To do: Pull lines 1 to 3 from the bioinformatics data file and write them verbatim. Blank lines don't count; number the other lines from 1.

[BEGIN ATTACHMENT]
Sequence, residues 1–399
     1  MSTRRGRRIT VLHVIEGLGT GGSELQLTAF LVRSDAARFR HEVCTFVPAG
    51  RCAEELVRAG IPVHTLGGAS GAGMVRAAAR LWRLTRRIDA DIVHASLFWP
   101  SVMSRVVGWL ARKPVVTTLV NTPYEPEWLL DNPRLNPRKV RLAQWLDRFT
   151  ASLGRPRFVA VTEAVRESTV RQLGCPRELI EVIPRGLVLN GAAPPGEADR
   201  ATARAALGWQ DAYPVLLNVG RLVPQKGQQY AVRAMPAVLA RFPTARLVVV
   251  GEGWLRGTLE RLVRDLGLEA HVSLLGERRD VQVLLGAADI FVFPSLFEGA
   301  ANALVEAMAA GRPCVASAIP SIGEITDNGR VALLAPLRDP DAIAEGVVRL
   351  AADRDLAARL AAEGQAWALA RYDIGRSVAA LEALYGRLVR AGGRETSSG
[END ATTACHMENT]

Sequence, residues 1–399
     1  MSTRRGRRIT VLHVIEGLGT GGSELQLTAF LVRSDAARFR HEVCTFVPAG
    51  RCAEELVRAG IPVHTLGGAS GAGMVRAAAR LWRLTRRIDA DIVHASLFWP